The parliamentary committee on Finance and Economic Planning. (Photo: Radio Tamazuj)

Budget hearing concludes with comments on cost of living, health

The parliamentary committee on Finance and Economic Planning has concluded a public hearing as part of its inquiry into the 2023-2024 budget estimates.

The parliamentary committee on Finance and Economic Planning has concluded a public hearing as part of its inquiry into the 2023-2024 budget estimates.

During the hearing, the participants called on the parliamentarians to ensure that the increment of salaries for civil servants and the military, adjustments on the budget for health and education sectors and tax exemption on essential commodities are among the top priorities in the 2023/2024 fiscal budget.

On Monday, the parliamentary committee invited representatives of civil society organizations, doctors association, the media, women, youth, religious groups, the business community, bar association, as well as other concerned citizens to give their views on the annual budget.

Edmund Yakani, Executive Director of the Community Empowerment for Progress Organization (CEPO), said there is a need to ensure an increment in the wages and salaries of the army and civil servants.

“We would like to appeal to you as our honourable members in the parliament that wages should be a priority. As chairperson, we want to see that wages are improved. Because if you want to see that services are delivered, if want to reduce corruption, if our civil servants’ salaries remain as low as per now, corruption will not be eliminated,” Yakani warned.

According to Yakani, in order to increase the salaries and wages of civil servants, there is a need for transparency in the oil sector, especially on direct payment.

“Almost 87 per cent of payment of revenue from the oil is direct. And you know this direct payment of revenue from the oil contains hidden items, especially road construction. So, we would like to see this clearly broken down in detail because that tells us a very important thing,” Yakani stressed.

He also stressed the need to conduct the anticipated elections in 2024, as stipulated in the 2018 peace agreement, even though the preconditions of the elections are not yet fulfilled.

Anthony Garang, the Chairperson of the South Sudan Doctors’ Association, has decried low budget allocation to the health sector in the country, saying since the independence of South Sudan, the sector has remained underfunded.

He called on the parliament to increase the budget allocated to the health sector to enable the sector to purchase more medicines. “Last year, we saw 7.9% allocation. But that 7.9 allocations, if you look at it, is only allocated to institutions, not actually to the programs that are supposed to cater for the citizens of this country,” Garang said.

“The allocation is to the ministry but there is nothing like the medicines. This country does not buy any medicines, not even paracetamol. It only relies on donors and what the donors are giving is not actually enough for the people. I am calling on the national parliament and the citizens here to join us in saying that we need more money to be added to buy medicines. Medicine is what will keep the population healthy and productive, “he added.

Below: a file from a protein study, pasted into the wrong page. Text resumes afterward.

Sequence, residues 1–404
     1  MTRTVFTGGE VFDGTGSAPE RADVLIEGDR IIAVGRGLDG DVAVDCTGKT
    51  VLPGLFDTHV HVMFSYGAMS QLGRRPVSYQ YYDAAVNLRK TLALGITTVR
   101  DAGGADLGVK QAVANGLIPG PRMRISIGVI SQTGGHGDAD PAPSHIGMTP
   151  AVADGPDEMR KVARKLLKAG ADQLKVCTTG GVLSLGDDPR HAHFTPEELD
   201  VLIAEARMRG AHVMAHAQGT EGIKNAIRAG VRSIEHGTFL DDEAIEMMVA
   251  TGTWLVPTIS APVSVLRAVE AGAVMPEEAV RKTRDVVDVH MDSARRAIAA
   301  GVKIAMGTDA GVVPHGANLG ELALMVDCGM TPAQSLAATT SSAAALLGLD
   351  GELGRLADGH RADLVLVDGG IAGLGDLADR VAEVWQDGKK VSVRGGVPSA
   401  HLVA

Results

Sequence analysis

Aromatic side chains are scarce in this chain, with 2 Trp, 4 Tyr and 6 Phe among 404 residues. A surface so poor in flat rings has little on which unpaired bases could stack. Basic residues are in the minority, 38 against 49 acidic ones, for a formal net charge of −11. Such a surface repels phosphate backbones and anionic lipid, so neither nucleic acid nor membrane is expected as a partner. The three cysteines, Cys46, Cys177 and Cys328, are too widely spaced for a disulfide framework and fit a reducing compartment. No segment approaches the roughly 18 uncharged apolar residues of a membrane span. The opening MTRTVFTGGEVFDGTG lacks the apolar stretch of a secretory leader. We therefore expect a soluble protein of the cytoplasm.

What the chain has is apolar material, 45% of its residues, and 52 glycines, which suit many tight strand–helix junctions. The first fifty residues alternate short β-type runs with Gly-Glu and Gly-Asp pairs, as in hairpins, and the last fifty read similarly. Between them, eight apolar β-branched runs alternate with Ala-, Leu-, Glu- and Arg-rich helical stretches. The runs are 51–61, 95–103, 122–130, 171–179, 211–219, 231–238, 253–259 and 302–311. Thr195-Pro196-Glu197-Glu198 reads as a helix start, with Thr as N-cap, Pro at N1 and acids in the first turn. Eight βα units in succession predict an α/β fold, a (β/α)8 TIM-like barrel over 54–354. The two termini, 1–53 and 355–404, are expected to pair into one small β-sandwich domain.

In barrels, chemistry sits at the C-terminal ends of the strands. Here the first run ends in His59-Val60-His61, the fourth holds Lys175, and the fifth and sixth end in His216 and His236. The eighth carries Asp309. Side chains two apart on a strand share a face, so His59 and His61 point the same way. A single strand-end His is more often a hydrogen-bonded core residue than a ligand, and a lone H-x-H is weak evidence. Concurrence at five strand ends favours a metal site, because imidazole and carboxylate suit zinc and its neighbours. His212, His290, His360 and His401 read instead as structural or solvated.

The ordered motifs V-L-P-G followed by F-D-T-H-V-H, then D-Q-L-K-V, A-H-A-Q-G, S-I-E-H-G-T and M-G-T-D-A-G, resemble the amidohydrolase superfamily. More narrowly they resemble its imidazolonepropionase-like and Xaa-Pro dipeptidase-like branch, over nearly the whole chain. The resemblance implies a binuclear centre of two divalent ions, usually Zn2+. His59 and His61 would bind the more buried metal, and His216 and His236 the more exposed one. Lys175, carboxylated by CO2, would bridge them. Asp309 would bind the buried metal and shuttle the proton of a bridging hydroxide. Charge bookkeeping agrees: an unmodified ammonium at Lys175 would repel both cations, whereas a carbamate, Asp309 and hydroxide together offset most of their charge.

Garang also appealed for proper investment in the health sector, saying the maternal mortality rate is high in the country because expectant women in remote areas are unable to access healthcare centres.

According to the health official, in this year’s budget, the sector is only allocated less than 3% which he said is not enough to carter for health service delivery.

Garang also wanted the South Sudan Medical Council funded in order to address malpractices in the health sector.

The same concerns were echoed by Moses Monday, the Executive Director of the Organization for Nonviolence and Development (ONAD), saying the reason why many people are diagnosed with malaria and typhoid is because the health system is very poor.

“The health Sector concerns all of us. And I would like to highlight one thing. Our system is actually very poor when it comes to public health. I want to repeat this again. The cases of malaria and typhoid we have in this country are largely attributed to our public health system,” he said.

“I am not a medical doctor, but from my basic science education, I know that public health is a problem in this country,” he added.

Ajok Ayai, a representative of Women’s Peace and Security Network, said the budget should address issues of insecurity for women, especially crimes perpetrated by criminal groups.  “Most of us have talked and talked about a lot of things and we forgot the issue of insecurity for women. For us as women in South Sudan, we are facing insecurity on a daily basis. For instance, the Toronto Boys is a big challenge for us,” she said.

Responding to the views and concerns of the different groups, Changkuoth Bichiock Rieth, the chairperson of the economic and planning committee, said the committee had observed that last year the parliament did not hold public participation on the budget, stressing that citizens have the right to know how the country’s revenues are spent.

He further noted that the views raised are important before the budget is presented to parliament for deliberations, adding that they will incorporate the views expressed during the public hearing for the benefit of the citizens.